“I Felt So Powerless”: A Parent-Teacher Partnership Story

A parent speaking to her child's teacher while holding her child

A lightbulb moment: “My gut was telling me this was holding her back.”  

A toddler loves, loves, loves her teacher and her center, yet every day she dissolves into sobs when it’s time to let go of mom’s hand. What’s going on?  

This was the daily truth for working mom, Elizabeth. “There were days when I had an inexplicably crying kid,” she recalls of her 3-year-old daughter, Jenny. “I was just feeling so powerless.” 

Separation played a role; but the problem wasn’t that (or at least not just that). Instead, it was something subtler; something Jenny’s teacher Melissa picked up on. This is the story of Elizabeth*, a worried mom, Melissa, an attentive teacher – and the two working together to give Elizabeth’s daughter Jenny just what she needed.  

*All names and locations have been changed to protect privacy.  

Melissa (teacher): I remember when Jenny transitioned into my class – she’s a fun-loving, happy, spirited child.   

Elizabeth (mom): Jenny loved Melissa immediately. She felt safe around her. You could just tell.  

Melissa: I could see Jenny was a little scared about entering a new classroom and there were definitely difficult drop-offs. During our first conference, Elizabeth expressed concerns.  

Elizabeth: It was an ongoing challenge to just have Jenny feel comfortable. It was so stressful to leave her crying. I kept asking myself, why was it so difficult? 

Melissa: Elizabeth mentioned concerns for her daughter’s social-emotional development; she noticed that Jenny tended to follow one familiar friend and that she was having trouble joining in with groups and forming new friendships.  

Elizabeth: Melissa was so reassuring. She walked me through potential reasons. From her perspective, she felt Jenny’s speech articulation was making it hard for her, and that maybe that’s what was causing social difficulties. 

Melissa: I explained that sometimes we have a difficult time understanding Jenny.  

This was a surprise to me because my husband and I understood Jenny perfectly. It was intuitive. But I heard what Melissa was saying. After that conversation, I started really thinking about it. And I realized when Jenny spoke to her grandparents, they would turn to my husband and me to say, “What did she say?” And we’d say, “You didn’t understand it? It was crystal clear.” I feel like our brains automatically translated for her.  

Melissa: My gut was telling me this – speech -- was holding her back from conversing with her peers.  

Elizabeth: This was a lightbulb moment. Looking back, I think it made us realize how long we’d been translating for Jenny. There were 20 months during the pandemic when she was only with us. I’ve since heard that speech therapists are seeing a lot of kids coming out of the pandemic with those kinds of issues. It was helpful to hear it from a teacher. 

Melissa: After that, Elizabeth reached out to a speech pathologist who then confirmed my suspicions. Jenny’s now in speech therapy.  

Elizabeth: That was a turning point -- to get into a more active stance working on things. Jenny’s still in speech therapy, and she’s working on different sounds and making a sound within a sentence. She has more mastery, still working on putting it all together. But her confidence has already grown.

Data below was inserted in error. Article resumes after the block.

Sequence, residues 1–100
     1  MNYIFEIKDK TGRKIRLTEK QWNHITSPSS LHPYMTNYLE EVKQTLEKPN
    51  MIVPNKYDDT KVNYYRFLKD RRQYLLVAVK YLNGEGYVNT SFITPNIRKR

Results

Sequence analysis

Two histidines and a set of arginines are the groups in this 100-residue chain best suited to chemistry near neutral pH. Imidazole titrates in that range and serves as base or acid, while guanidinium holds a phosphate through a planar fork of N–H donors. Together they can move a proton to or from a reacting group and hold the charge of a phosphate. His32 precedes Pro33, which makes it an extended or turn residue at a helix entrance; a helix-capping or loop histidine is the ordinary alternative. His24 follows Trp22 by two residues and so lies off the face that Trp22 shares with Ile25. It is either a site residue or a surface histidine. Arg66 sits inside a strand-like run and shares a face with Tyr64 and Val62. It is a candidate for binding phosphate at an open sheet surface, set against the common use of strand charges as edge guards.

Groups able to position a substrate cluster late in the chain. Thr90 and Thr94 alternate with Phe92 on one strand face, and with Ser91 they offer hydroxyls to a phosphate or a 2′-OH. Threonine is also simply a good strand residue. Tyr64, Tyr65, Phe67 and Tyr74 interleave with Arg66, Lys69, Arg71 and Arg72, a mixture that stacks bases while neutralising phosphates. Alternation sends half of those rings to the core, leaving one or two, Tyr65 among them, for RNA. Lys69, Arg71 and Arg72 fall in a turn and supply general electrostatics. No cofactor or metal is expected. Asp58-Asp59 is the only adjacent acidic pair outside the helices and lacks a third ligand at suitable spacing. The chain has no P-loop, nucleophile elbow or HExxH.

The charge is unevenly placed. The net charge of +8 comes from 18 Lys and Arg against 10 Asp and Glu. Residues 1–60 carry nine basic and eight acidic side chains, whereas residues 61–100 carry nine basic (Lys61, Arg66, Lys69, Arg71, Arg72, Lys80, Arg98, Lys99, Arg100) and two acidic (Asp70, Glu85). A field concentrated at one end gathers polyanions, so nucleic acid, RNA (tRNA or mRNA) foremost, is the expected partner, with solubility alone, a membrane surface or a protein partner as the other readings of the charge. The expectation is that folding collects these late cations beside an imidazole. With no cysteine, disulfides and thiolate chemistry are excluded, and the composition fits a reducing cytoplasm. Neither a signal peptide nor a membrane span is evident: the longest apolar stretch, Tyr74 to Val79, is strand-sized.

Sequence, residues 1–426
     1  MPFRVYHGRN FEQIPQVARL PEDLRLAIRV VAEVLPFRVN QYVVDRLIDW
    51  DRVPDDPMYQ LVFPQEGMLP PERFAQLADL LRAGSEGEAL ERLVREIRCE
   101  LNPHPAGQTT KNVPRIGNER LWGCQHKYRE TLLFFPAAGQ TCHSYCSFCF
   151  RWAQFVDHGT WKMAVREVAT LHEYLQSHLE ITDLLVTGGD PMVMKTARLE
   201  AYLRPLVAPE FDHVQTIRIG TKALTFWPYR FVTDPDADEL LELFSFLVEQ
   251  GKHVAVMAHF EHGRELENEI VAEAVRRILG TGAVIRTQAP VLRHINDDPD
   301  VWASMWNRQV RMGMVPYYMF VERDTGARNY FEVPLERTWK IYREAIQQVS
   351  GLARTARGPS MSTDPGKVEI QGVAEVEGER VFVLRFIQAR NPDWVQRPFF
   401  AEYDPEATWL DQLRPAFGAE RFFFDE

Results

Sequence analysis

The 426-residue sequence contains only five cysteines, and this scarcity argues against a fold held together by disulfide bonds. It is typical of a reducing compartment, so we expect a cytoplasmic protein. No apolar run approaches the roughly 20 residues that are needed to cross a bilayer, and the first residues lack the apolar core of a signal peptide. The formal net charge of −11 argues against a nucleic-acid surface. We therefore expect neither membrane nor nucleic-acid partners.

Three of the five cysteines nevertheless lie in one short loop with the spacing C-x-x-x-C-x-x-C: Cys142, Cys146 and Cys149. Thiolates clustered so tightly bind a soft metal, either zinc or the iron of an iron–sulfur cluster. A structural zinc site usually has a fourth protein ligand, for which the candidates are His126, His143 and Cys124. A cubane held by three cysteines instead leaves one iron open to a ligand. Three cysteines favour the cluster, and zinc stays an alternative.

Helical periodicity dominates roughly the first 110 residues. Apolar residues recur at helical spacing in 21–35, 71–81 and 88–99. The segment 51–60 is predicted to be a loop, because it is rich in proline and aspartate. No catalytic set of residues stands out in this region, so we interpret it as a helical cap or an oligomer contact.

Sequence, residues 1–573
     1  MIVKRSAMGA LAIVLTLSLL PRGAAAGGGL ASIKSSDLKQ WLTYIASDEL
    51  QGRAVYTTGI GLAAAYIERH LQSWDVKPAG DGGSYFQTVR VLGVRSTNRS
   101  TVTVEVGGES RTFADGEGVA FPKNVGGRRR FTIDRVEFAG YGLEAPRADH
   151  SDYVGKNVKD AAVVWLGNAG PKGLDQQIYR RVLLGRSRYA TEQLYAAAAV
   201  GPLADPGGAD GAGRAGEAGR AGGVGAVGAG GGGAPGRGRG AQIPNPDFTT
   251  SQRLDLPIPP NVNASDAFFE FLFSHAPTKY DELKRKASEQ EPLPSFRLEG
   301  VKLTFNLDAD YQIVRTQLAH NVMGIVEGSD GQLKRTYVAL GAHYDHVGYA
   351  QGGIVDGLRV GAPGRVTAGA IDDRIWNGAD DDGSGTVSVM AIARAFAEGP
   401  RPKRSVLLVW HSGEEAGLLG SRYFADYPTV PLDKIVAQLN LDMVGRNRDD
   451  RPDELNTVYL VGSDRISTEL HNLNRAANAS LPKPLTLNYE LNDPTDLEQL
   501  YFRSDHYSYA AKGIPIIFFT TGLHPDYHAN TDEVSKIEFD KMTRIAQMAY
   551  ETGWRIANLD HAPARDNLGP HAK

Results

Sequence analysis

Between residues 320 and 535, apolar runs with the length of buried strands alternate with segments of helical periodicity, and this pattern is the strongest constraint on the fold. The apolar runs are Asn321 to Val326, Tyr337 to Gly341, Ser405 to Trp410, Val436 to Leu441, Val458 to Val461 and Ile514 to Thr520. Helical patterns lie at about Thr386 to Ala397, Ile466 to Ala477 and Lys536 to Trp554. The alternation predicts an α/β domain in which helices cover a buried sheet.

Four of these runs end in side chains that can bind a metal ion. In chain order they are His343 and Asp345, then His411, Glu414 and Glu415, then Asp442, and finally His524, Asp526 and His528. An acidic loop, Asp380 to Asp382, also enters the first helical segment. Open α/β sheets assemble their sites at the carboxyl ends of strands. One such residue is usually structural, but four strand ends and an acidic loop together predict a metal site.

Melissa: From what we can see, since starting, Jenny’s social skills in school have soared.  

Elizabeth: She’s more able to voice what she’s thinking.  

Melissa: We eventually got to a place where Jenny could come into the classroom most days without any issues. She still has some setbacks. Elizabeth and I continue to work through the difficult drop-offs. And when this happens, Elizabeth will always come to me for suggestions and reassurance that she is okay.   

Elizabeth: I wish I could say it’s all linear. But it’s ups and downs. Anxiety is like that. After a long holiday away it can still be hard. But Melissa is always there for us. Every time Jenny’s had challenges, Melissa has been behind me and we navigated it together. Another really tough time for Jenny was when her friends moved up to k-prep and she wasn’t old enough to go with them. Now, she’s coming into her own as one of the oldest kids in the class. The intervention that Melissa recommended so long ago really helped accelerate her confidence in that process. I can only imagine how she’d be doing now if she hadn’t done that.  

Melissa: Today, Elizabeth and I keep an open dialogue and have check-ins as needed, either in-person or via email, to ensure that her daughter is thriving and also so that the family feels continuous support. 

Elizabeth: We still have tough days. But the most important thing is when that happens, Melissa always takes an active role to make the transition easier. She reassures me that Jenny’s fine and that she got her settled in. It’s so important to know your child is happy especially when your child is little. Jenny is still only three.  

Today, Jenny continues to make progress, and Elizabeth calls her daughter’s teacher the family’s shining star. “I really credit Melissa – just who she is as a teacher. She really connects to my daughter,” says Elizabeth. “When it’s a tough morning at home, the one thing that gets Jenny in the car are the words, ‘Melissa wants to see you.’ She’s amazing.”   

Bright Horizons
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Bright Horizons
Bright Horizons
In 1986, our founders saw that child care was an enormous obstacle for working parents. On-site centers became one way we responded to help employees – and organizations -- work better. Today we offer child care, elder care, and help for education and careers -- tools used by more than 1,000 of the world’s top employers and that power many of the world's best brands
A parent speaking to her child's teacher while holding her child